Puerto Rico

As the start of hurricane season nears, National Hurricane Center director Ken Graham wants South Florida residents to make a plan now. On Sundial, the former journalist discusses the science of forecasting, how he communicates impacts and the importance of working across industries when it comes to hurricane preparedness.

He recently spoke at the 32nd Annual Governor's Hurricane Conference in West Palm Beach. The conference is held before the start of each hurricane season and offers sessions on hurricane preparedness and communication. 

While thousands of Puerto Ricans protested Tuesday over what they say is a lack of resources dedicated to their island after the devastation of Hurricane Maria, a group of islanders in Tampa gushed over Florida's governor as he runs for U.S. Senate.

A small street festival outside Miami features booths adorned with Puerto Rican flags. A band plays salsa music as vendors offer specialties from the Caribbean island such as rice with pork and chickpeas. There's also a woman working her way through the crowd with a clipboard, her white T-shirt emblazoned with the words "Your vote, your voice, your future."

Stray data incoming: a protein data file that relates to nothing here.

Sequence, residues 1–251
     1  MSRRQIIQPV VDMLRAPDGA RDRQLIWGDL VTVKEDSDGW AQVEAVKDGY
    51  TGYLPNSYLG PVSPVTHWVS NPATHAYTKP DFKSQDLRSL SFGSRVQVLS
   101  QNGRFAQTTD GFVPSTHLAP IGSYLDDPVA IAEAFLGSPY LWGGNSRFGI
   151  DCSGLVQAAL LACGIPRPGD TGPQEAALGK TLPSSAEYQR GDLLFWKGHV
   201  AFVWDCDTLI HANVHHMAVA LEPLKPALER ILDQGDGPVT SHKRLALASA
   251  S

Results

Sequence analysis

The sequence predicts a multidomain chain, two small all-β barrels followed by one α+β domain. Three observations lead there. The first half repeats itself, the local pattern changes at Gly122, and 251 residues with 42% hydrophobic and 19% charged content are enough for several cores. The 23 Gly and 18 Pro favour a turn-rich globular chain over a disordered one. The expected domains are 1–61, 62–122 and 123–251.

Not all displaced students from Puerto Rico who enrolled in central Florida schools have stayed.

Orange County Schools said 2,238 students from Puerto Rico are currently enrolled. They came after Hurricanes Irma and Maria. Students enroll and then withdraw as families figure out living situations. Another 1,185 new Puerto Rican students have left the district this school year.

Englewood Elementary Principal Alex Reyes said he’s heard many of them have gone back to the island.

An opulent Florida hotel is spending tens of thousands of dollars to ship its two large generators to Puerto Rico.

The decision comes nearly a week after a blackout caused power outages for much of the fragile island still struggling to rebuild after Hurricane Maria.

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